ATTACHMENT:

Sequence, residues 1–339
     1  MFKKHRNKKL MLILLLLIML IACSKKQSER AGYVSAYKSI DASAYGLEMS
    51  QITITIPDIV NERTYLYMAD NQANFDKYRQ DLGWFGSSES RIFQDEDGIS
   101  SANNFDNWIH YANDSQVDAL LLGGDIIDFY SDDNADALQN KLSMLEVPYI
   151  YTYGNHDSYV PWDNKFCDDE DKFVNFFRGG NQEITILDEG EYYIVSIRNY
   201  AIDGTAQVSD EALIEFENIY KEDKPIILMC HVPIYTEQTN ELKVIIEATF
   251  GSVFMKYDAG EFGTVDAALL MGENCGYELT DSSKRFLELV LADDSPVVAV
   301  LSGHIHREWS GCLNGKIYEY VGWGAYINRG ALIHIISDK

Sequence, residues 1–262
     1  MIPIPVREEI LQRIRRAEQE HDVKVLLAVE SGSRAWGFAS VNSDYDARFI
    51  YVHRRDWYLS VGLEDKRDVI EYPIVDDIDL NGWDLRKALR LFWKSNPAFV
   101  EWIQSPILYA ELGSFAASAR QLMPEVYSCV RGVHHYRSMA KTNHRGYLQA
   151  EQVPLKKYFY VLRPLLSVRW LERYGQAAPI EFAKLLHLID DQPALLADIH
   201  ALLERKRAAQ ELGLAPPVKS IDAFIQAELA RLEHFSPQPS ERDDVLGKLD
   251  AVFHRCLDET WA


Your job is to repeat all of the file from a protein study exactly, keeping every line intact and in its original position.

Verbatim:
Sequence, residues 1–339
     1  MFKKHRNKKL MLILLLLIML IACSKKQSER AGYVSAYKSI DASAYGLEMS
    51  QITITIPDIV NERTYLYMAD NQANFDKYRQ DLGWFGSSES RIFQDEDGIS
   101  SANNFDNWIH YANDSQVDAL LLGGDIIDFY SDDNADALQN KLSMLEVPYI
   151  YTYGNHDSYV PWDNKFCDDE DKFVNFFRGG NQEITILDEG EYYIVSIRNY
   201  AIDGTAQVSD EALIEFENIY KEDKPIILMC HVPIYTEQTN ELKVIIEATF
   251  GSVFMKYDAG EFGTVDAALL MGENCGYELT DSSKRFLELV LADDSPVVAV
   301  LSGHIHREWS GCLNGKIYEY VGWGAYINRG ALIHIISDK

Sequence, residues 1–262
     1  MIPIPVREEI LQRIRRAEQE HDVKVLLAVE SGSRAWGFAS VNSDYDARFI
    51  YVHRRDWYLS VGLEDKRDVI EYPIVDDIDL NGWDLRKALR LFWKSNPAFV
   101  EWIQSPILYA ELGSFAASAR QLMPEVYSCV RGVHHYRSMA KTNHRGYLQA
   151  EQVPLKKYFY VLRPLLSVRW LERYGQAAPI EFAKLLHLID DQPALLADIH
   201  ALLERKRAAQ ELGLAPPVKS IDAFIQAELA RLEHFSPQPS ERDDVLGKLD
   251  AVFHRCLDET WA